Ask her coaches past or present to describe Alex
Morgan's attributes and the answers are always similar: fast,
strong, lethal with her right and left foot, and good in the air. Those are things I worked on for years,” said the
25-year-old Morgan, who will lead the U.S. attack at the Women’s
World Cup this summer.
Morgan started playing soccer in Southern California AYSO: “All my best friends played AYSO. Our parents were the coaches and managers.”
She didn’t start playing club ball until age 13, but at age 10 her father, Michael, bought her a Kwik Goal.
“He bought one of the full-size nets you can build on your own, because there weren’t full-size goals for kids to shoot on where I grew up,” Morgan said. “During high school I worked out with my dad three times a week for about an hour. He’d be goalkeeper and I’d shoot from both sides, using my right and left foot.”
At age 15, she started working out in the gym with a trainer, “helping me get strong, helping me get sharp, helping me with balance. … Things that have become my strengths are things that I worked on diligently the last 10 years. It didn’t just come naturally.”
We asked Morgan to offer some advice for parents of aspiring young players.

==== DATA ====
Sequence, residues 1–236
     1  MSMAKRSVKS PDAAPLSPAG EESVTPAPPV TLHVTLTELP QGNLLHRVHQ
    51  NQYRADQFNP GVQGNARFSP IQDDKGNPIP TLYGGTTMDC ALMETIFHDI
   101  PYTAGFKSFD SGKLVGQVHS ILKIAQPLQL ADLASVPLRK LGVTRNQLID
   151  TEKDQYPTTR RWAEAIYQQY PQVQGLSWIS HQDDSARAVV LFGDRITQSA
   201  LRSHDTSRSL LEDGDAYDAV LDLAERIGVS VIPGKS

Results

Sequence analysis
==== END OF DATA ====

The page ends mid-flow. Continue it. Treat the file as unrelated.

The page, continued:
“My parents were very supportive and positive,” she said. “My mom [Pam] was always the super positive, supporting parent and my dad was the thinker who wanted me to see how I could make myself better and help the team. But at the same time, he would listen to me when I said had enough. When my dad wanted to talk about soccer-specific stuff and I didn’t want to hear it -- I would tell him and he’d listen.
“I had a good balance and an honest relationship with my parents.”
Morgan, who grew up playing a variety of sports and started competitive soccer later than is common in today’s youth soccer landscape, says a player's ambition must ultimately come from within.
“I think now that girls are committing to competitive soccer at such a young age,” she said, "parents feel a responsibility to push the child -- but if you’re into soccer and passionate, you push yourself. If parents push too much, it can backfire.
“It’s great sometimes for parents to talk about the game with their kids. But I think parents sometimes overstep the boundaries and start acting like a coach. … And right after a game is not the best time to talk about it.”